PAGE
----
One of cancer's many effects on the body is the stiffening of cells, a process that leads tumors to having a dense, thick composition. While detecting this phenomenon early could help lead to better treatment options for cancer victims, thus far, doing so on a cell-by-cell basis hasn't been possible. By using two lasers and a camera, researchers at Duke University have now changed that.
The researchers determined that when a cell stiffens, its internal contents become more regularly organized. Therefore, detecting organization in a cell would lead to an understanding of its stiffness, which would help uncover the formation of cancerous tissue. While one of the study's authors, biomechanical engineering professor Adam Wax, says more research is needed to link intracellular organization to stiffness, he does have a theory.
"I believe that a more organized cell shows greater stiffness because it allows for more direct transfer of mechanical force," he told New Atlas. "For example if you pushed something with a single tree limb it would do a better job if moving it then if you pushed with a limb with many branches."
To measure the amount of order or disorder inside individual cells, Wax and Will Eldridge, a PhD student in Wax's lab and first author of a new paper, developed a way to shoot two lasers and record the results. One laser shines through the cell being studied, while the other travels unimpeded. By comparing the time it takes for each laser to travel, a picture is produced to indicate the degree of organization in the cell.
To confirm that the system was working correctly, the team used another method invented by Wax in which measuring the way fluid flows around a cell indicates its level of rigidity. While that method took less than an hour to produce results, the new laser-based method can return results in seconds.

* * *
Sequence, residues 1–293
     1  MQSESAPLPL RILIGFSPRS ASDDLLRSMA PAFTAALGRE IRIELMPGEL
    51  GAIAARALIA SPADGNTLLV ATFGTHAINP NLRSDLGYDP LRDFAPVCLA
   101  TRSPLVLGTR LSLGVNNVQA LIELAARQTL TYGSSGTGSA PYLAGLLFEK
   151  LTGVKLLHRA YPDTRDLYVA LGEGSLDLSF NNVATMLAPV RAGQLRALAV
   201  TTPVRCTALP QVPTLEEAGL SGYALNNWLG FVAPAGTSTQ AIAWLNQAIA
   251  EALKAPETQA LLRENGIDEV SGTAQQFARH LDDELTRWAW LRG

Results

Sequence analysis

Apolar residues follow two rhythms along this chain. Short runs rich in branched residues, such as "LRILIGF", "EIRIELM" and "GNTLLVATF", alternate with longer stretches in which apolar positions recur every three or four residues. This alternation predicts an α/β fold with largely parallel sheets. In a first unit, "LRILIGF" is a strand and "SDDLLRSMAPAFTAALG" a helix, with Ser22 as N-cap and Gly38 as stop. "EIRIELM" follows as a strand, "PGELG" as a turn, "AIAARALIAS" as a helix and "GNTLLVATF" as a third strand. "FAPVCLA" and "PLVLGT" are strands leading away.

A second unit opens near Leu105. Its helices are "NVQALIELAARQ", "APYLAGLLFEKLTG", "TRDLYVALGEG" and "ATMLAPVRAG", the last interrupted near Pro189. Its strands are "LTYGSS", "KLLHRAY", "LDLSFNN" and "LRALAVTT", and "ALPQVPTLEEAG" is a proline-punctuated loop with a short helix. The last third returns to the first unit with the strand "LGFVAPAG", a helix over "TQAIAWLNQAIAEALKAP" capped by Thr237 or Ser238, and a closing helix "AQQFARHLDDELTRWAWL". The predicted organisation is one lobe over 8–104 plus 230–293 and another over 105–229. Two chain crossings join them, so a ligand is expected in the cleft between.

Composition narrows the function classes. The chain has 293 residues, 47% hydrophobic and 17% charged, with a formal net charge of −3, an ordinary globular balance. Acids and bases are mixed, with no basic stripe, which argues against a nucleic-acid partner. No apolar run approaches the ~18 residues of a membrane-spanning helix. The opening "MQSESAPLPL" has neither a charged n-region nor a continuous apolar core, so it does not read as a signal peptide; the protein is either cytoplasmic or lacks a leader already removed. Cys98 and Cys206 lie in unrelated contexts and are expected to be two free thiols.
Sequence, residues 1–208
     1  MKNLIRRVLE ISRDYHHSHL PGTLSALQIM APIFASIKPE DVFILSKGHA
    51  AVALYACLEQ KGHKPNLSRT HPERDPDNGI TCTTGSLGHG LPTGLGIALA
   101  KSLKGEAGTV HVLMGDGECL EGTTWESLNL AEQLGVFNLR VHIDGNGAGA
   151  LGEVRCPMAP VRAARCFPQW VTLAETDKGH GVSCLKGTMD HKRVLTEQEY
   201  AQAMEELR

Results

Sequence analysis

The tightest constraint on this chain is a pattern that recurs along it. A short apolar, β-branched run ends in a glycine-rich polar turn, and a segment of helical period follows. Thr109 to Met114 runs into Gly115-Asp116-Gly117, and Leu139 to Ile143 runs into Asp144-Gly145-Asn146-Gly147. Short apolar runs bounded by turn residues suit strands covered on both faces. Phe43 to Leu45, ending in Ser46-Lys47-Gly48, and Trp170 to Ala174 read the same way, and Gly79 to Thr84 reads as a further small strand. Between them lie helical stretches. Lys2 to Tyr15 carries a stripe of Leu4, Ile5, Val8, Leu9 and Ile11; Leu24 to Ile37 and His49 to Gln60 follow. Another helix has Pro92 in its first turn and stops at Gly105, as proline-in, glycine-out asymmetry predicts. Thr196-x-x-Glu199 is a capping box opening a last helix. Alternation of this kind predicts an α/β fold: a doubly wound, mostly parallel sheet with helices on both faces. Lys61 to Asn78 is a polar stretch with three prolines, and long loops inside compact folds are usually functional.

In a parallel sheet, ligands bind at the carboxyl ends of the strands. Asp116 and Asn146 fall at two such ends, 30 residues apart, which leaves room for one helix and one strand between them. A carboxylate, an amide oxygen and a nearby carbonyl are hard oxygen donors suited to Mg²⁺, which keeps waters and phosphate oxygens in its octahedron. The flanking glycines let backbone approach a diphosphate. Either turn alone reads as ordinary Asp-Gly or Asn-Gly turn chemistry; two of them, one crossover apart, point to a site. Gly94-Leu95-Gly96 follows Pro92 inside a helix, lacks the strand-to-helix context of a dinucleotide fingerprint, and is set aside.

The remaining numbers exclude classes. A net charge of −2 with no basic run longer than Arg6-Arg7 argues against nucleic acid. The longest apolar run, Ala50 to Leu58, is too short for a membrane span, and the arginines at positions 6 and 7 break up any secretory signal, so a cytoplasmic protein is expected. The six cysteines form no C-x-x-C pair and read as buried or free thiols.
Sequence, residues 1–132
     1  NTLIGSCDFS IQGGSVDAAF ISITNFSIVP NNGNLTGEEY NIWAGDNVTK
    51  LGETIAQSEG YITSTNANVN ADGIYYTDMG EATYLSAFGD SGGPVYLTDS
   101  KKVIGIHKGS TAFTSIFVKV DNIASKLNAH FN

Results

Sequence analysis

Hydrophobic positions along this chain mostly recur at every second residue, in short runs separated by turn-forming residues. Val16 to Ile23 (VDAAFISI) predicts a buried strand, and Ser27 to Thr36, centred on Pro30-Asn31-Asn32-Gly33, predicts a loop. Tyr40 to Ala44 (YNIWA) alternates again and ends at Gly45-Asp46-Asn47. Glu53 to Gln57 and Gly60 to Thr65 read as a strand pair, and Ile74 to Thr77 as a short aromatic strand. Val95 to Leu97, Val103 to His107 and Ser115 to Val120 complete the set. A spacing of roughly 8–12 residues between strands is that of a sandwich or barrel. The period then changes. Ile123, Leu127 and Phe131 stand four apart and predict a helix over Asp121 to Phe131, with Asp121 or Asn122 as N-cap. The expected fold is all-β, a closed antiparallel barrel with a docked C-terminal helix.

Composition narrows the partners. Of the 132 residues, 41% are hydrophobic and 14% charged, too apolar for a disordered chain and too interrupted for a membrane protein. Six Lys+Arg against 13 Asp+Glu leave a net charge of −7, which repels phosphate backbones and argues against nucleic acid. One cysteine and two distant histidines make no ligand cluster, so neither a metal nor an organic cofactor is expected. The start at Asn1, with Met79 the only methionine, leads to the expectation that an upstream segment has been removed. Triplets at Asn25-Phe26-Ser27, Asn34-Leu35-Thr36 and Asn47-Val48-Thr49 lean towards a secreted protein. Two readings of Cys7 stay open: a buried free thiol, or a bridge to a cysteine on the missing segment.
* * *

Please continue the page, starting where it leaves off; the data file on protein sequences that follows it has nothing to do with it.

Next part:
"The speed of this technique is only limited by the size of your camera's field of view," said Eldridge. "You could potentially measure hundreds of individual cells in a matter of seconds."
The researchers say both methods are improvements over currently existing techniques and those under development, which can only image groups of cells, not individual ones. "Traditional approaches like atomic force microscopy take all day just to prepare a single sample," said Eldridge.
"It's widely known that cellular stiffness is an indicator of cancer, but there's no viable diagnostic tool that can use that knowledge on a cellular scale," added Wax in a statement. "With this technique, I can see a path to creating a high-throughput system that could quickly and easily screen for cervical, esophageal or colon cancer – anywhere you could take a tissue scraping."
The paper describing the measurement technique has been published in the Biophysical Journal.
Source: Duke University
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